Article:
It would take a heart of granite not to feel sympathy for Joseph Johnston. A general regarded by his Union adversaries as having the highest abilities, he was fated after his moment of glory was cut short by his wounding at Seven Pines in 1862, and his replacement in command by Robert E. Lee, to spend the rest of the War being called upon by Jefferson Davis, a man he cordially hated and who returned his hate, to retrieve bad situations that were beyond retrieval. So it was when Davis on February 25, 1865 placed him in command of the Departments of Southern Virginia, and of North Carolina, South Carolina and Florida. Under his command to oppose Sherman he had the 12,000 men under General Hardee who had resisted the advance of Sherman across South Carolina, Wade Hampton’s 6000 cavalrymen and the 6600 men who made up the shattered remnant of his Army of Tennessee.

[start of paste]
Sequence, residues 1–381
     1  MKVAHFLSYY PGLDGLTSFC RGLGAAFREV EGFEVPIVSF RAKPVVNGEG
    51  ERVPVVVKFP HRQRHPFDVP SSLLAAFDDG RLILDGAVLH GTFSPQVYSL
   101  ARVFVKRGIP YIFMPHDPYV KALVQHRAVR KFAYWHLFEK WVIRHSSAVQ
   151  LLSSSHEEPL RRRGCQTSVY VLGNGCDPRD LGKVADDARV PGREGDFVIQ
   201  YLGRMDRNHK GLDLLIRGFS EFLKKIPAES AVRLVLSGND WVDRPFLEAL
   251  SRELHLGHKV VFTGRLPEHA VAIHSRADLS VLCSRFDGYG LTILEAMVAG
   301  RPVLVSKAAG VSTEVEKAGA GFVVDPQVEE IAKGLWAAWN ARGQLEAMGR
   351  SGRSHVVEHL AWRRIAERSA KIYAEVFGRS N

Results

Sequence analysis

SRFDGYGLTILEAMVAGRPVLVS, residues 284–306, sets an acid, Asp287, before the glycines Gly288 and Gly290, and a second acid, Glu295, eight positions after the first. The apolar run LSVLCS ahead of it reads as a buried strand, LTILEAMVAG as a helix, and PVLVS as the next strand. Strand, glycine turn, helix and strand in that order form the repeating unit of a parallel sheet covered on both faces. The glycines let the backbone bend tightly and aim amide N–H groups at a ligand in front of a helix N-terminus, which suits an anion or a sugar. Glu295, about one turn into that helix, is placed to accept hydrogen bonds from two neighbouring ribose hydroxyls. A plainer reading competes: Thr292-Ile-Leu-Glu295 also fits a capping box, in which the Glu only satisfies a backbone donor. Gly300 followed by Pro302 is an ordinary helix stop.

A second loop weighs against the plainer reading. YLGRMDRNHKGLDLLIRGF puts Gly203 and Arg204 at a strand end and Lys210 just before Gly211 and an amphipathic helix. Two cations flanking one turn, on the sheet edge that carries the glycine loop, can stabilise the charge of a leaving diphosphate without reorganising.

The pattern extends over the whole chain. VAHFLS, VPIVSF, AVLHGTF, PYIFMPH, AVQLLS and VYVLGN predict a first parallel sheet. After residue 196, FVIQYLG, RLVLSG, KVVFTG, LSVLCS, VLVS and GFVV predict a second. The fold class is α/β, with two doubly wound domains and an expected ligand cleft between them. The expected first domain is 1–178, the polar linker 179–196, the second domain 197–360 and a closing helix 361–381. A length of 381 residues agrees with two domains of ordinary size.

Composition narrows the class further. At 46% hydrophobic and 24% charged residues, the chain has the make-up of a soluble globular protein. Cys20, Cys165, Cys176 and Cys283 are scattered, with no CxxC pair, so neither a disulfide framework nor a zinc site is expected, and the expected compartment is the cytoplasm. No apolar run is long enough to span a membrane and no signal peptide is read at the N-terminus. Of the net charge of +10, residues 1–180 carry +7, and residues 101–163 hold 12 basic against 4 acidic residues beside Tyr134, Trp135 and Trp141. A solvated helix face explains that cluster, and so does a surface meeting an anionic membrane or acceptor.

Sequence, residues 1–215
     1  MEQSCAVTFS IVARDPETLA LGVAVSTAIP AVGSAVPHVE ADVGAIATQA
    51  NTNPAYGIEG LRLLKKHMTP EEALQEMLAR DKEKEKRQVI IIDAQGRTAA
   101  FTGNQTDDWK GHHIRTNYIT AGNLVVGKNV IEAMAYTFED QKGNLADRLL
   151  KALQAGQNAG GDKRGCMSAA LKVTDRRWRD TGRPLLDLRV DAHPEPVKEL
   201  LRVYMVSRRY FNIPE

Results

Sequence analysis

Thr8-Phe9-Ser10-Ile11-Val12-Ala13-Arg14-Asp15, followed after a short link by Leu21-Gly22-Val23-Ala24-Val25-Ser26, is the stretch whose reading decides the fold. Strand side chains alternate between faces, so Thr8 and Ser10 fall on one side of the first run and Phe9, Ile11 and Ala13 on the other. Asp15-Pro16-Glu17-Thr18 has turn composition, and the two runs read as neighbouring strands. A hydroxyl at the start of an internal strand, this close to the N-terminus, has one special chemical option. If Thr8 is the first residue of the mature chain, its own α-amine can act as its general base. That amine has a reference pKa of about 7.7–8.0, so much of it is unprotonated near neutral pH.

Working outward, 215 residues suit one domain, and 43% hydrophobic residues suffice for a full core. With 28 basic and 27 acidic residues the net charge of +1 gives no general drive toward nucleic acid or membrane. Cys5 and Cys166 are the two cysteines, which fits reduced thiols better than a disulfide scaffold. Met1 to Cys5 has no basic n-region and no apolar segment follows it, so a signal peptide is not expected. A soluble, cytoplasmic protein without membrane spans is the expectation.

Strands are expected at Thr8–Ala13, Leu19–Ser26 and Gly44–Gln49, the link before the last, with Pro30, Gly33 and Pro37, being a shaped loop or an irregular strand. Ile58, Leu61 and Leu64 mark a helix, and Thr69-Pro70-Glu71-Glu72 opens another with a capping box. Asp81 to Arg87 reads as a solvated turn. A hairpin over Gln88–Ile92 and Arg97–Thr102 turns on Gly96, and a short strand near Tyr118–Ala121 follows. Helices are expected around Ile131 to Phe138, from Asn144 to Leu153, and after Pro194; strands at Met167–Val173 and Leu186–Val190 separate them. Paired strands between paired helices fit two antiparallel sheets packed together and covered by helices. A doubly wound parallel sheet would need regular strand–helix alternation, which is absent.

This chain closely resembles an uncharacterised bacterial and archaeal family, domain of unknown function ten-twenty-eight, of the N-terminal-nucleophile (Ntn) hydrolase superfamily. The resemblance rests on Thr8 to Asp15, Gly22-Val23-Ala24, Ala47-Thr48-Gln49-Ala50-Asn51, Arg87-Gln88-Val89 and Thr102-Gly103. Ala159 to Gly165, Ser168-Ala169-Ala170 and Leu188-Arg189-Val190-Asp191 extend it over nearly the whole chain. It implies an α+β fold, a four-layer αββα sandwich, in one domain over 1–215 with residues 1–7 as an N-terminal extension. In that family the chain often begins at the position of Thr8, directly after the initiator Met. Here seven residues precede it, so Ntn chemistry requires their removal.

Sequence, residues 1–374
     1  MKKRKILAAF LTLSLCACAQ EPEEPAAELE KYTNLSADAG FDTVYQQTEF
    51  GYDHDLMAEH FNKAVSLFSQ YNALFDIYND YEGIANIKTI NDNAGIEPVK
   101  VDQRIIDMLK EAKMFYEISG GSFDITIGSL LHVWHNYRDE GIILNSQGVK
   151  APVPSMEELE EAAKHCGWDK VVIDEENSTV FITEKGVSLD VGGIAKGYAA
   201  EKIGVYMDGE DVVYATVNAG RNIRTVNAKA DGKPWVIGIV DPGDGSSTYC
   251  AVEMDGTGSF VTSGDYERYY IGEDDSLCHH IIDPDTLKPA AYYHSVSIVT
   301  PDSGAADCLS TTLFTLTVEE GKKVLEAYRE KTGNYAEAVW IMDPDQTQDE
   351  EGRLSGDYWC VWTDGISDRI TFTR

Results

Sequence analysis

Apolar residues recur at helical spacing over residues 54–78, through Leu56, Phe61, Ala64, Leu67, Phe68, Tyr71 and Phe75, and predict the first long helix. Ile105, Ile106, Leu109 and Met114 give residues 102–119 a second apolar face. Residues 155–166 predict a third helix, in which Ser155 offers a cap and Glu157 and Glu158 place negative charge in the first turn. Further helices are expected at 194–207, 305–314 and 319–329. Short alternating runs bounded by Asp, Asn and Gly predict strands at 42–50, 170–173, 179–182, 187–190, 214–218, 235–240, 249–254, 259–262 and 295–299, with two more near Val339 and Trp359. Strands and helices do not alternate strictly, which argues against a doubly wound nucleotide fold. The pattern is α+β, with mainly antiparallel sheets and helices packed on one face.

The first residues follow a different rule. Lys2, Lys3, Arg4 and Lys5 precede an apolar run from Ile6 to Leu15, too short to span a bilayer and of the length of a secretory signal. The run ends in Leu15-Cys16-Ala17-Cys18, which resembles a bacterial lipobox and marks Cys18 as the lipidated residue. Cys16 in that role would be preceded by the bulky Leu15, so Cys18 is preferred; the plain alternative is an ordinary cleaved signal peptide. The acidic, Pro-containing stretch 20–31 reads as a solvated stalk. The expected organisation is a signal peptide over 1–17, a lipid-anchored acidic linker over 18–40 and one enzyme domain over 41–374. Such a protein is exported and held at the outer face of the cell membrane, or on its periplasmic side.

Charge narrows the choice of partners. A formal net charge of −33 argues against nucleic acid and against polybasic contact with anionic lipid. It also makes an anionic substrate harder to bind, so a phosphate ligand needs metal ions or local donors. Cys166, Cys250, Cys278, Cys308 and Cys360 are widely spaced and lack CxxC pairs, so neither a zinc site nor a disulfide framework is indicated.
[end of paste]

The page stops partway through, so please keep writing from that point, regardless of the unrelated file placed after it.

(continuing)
Johnston realized that militarily the situation was beyond hopeless, but hoped that he could delay Sherman in his invasion of North Carolina, and win enough tactical victories, that when the time came for his surrender, he and his army would receive decent terms from Sherman. With this sense of realism, Johnston once again began the task of attempting the military equivalent of making bricks without straw or mud.